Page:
American Song Contest: Originality and tame commentary rules supreme in premiere

Universal City, California – Originality was on full display during Monday's live premiere of American Song Contest.

Co-hosts Kelly Clarkson (l.) and Snoop Dogg (r.) kicked off American Song Contest in juxtaposed style.
Co-hosts Kelly Clarkson (l.) and Snoop Dogg (r.) kicked off American Song Contest in juxtaposed style.  © Collage: IMAGO/ZUMA Wire & MediaPunch

Though the grandiose costumes and pyrotechnics weren't exactly on par with that of Eurovision, American Song Contest's first-ever episode was quite a legendary one.

Still, Monday's premiere highlighted obvious room for improvement in terms of providing looks and commentary oozing with pure ridiculousness – something Eurovision commentators and Pitch Perfect's writers have mastered.

The task at hand for those on American Song Contest is simple: to be the last man standing. After all, only one artist or group, along with their original song, can take the cake when it's all said and done.

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The premiere featured 11 contestants representing varying states and regions, with artists from Minnesota, Oklahoma, Arkansas, Indiana, Puerto Rico, Connecticut, Iowa, Wisconsin, Mississippi, Wyoming, and Rhode Island getting their first dose of the competition's limelight.

Some areas are being held down by music legends, like Michael Bolton who competed on behalf of Connecticut during Monday's episode.

With such a variety of genres on full display, artists carried out Grammy-caliber performances that were "[as] varied as our country," as co-host Kelly Clarkson so perfectly stated.

From an Oklahoma native singing an original K-pop bop to a bolo tie and boots-wearing Cowboy flaunting his highly unique "country-western rap" style, original artistry showed up to show out.

Clarkson and her co-hosting counterpart Snoop Dogg seemed to enjoy nearly every performance, likely because it wasn't hard to catch a vibe during any of them.

Fashion forward talent hits the stage

K-pop singer Alexa from Oklahoma (l.) and country-western rapper Ryan Charles (r.) took the stage on Monday's premiere of American Song Contest.
K-pop singer Alexa from Oklahoma (l.) and country-western rapper Ryan Charles (r.) took the stage on Monday's premiere of American Song Contest.  © Collage: IMAGO/ZUMA Wire & MediaPunch

While Snoop openly admitted "K-Pop is [his] guilty pleasure" following Alexa from Oklahoma's choreographed and noticeably lip-synced K-pop performance, the musical magic of the night was far from over.

If there's one thing the premiere of the American Song Contest proved, it's that putting on an error-free showcase doesn't necessarily mean you'll emerge victoriously.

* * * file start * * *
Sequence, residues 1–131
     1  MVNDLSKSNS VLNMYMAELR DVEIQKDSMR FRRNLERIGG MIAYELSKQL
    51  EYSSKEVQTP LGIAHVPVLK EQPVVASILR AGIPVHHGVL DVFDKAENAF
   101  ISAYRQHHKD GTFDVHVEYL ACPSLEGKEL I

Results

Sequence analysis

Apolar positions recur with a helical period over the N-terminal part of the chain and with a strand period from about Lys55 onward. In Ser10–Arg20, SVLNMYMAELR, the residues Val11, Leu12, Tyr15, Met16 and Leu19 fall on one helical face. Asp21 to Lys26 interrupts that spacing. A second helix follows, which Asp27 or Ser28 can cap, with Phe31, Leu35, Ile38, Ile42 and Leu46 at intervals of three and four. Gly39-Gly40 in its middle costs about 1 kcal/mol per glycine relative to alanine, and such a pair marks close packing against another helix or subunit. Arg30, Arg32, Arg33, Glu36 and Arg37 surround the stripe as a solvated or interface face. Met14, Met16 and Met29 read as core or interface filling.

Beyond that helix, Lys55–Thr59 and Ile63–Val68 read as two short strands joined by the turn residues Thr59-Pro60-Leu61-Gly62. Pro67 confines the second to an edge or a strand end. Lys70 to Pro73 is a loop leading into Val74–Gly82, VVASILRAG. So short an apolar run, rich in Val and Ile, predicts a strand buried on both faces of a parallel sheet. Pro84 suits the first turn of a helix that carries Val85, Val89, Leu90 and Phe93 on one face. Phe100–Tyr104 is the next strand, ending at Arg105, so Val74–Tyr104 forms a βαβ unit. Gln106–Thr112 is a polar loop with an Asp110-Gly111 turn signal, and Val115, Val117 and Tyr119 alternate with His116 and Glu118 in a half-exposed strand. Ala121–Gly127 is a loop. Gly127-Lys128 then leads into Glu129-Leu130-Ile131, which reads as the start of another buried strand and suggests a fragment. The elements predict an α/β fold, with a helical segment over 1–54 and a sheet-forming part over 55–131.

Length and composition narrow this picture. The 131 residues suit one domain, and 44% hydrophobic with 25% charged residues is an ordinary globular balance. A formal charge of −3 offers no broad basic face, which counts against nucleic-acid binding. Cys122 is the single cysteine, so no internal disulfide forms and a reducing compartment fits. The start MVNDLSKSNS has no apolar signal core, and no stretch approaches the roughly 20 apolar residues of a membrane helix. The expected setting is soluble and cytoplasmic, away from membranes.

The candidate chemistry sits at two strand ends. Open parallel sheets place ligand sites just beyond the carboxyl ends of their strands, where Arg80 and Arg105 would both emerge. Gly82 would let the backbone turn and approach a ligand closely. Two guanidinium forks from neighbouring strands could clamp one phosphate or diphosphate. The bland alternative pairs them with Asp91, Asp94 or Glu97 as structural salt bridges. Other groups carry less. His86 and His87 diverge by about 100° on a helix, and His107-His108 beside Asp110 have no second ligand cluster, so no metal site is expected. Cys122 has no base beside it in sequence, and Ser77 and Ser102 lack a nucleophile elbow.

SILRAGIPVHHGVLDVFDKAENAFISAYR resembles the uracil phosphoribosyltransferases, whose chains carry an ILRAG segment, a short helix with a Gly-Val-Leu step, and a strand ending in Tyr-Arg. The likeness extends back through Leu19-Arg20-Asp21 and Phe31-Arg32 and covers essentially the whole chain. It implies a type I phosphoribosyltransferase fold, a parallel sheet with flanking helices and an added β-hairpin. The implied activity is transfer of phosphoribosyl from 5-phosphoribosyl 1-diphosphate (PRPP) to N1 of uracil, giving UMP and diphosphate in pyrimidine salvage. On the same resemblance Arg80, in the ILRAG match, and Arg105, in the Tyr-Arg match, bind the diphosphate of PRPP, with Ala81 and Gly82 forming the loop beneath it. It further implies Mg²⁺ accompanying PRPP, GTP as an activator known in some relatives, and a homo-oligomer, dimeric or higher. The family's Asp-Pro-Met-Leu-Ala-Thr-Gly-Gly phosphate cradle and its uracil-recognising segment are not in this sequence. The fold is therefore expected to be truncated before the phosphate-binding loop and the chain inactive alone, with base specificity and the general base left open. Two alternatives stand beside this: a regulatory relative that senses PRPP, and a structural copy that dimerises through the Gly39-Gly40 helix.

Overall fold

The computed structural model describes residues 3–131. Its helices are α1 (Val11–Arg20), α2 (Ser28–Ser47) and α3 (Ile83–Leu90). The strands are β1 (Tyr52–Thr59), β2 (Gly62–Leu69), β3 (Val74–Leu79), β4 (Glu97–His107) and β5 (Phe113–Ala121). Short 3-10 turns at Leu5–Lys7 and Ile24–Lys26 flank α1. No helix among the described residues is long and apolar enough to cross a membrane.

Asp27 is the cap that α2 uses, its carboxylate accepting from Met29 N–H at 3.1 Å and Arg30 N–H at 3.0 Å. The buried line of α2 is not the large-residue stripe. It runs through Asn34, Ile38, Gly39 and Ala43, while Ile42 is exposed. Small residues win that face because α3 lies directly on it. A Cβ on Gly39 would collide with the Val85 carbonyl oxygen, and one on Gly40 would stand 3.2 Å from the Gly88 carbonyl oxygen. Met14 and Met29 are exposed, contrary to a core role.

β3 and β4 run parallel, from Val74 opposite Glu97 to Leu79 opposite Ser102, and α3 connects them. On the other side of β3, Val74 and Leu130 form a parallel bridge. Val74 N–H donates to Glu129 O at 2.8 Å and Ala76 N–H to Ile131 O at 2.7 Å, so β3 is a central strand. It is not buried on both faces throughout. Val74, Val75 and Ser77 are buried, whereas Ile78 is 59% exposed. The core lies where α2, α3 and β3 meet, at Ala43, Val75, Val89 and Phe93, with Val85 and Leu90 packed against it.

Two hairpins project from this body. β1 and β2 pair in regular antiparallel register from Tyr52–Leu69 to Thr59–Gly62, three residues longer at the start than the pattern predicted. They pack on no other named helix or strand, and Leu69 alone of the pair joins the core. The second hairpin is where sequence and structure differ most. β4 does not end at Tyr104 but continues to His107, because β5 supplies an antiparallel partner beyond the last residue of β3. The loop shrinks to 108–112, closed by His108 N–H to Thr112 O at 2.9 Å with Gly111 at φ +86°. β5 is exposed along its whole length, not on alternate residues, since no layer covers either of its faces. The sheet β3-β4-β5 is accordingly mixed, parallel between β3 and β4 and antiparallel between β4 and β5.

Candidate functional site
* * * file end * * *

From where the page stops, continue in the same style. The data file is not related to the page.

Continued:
This is especially true given each contestant is competing against a blend of industry legends and impassioned musicians who all probably think they respectively deserve the crown.

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Translation: they're all here to bring it, and bring it they did.

In addition to K-pop, there was also a showing of Latin Pop thanks to Christian Pagán of Puerto Rico.

With a performance of his original song, Loko, which showcased many similarities to the legendary Ricky Martin, Pagán had Snoop and Clarkson dancing in a way only Latin beats can inspire.

Honestly, it was refreshing seeing this unlikely co-hosting duo play off each other's personalities, though it wouldn't hurt to add a pinch of pointed commentary into the mix.

Room for improvement

Hueston from Rhode Island automatically qualified for the show's next round thanks to the expert panel voting in his favor.
Hueston from Rhode Island automatically qualified for the show's next round thanks to the expert panel voting in his favor.  © IMAGO/ZUMA Wire

But maybe that's NBC's way of diversifying the American Song Contest from the likings of Eurovision. Though the "main" point of Eurovision isn't to necessarily hear colorful commentary, it's definitely part of the reason people tune in.

It's similar to The Bachelor in that regard. Do people watch every episode solely to follow along with the live tweets? Not entirely, but checking in during the broadcast surely makes digesting the dumpster fire a lot easier.

Aside from the impressive lineup of contestants featured on Monday's premiere, its production value and videography were just as engaging.

With visual effects like laser beams and fires, highly skilled backup dancers, and camera pivots that felt like the workings of MTV in its glory days, American Song Contest clearly has quite the budget to work with.

If producers can just figure out a way to take the current "everybody wins" feel and transform it into a competitive one with spicy commentary and questionable styling choices, the show could very well be a gem in the making.

As far as moving to the next round goes, it was the soulful, face-tatted crooner Hueston from Rhode Island who automatically qualified thanks to a nod from the show's undisclosed expert panel.

The jury is still out for the fan-voted portion of first-round performances, which will likely be announced during next week's episode.

Tune into the second round of live qualifiers when American Song Contest returns to NBC on March 28 at 8 PM EST.

Cover photo: Collage: IMAGO/ZUMA Wire & MediaPunch

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